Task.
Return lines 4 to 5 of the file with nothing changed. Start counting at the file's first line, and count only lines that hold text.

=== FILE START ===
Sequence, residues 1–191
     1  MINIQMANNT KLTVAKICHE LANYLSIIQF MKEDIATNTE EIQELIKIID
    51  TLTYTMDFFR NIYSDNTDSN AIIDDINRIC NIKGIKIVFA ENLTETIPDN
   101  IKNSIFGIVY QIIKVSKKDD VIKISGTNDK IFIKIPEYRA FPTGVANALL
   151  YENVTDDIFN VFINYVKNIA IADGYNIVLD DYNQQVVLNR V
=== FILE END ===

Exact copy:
   101  IKNSIFGIVY QIIKVSKKDD VIKISGTNDK IFIKIPEYRA FPTGVANALL
   151  YENVTDDIFN VFINYVKNIA IADGYNIVLD DYNQQVVLNR V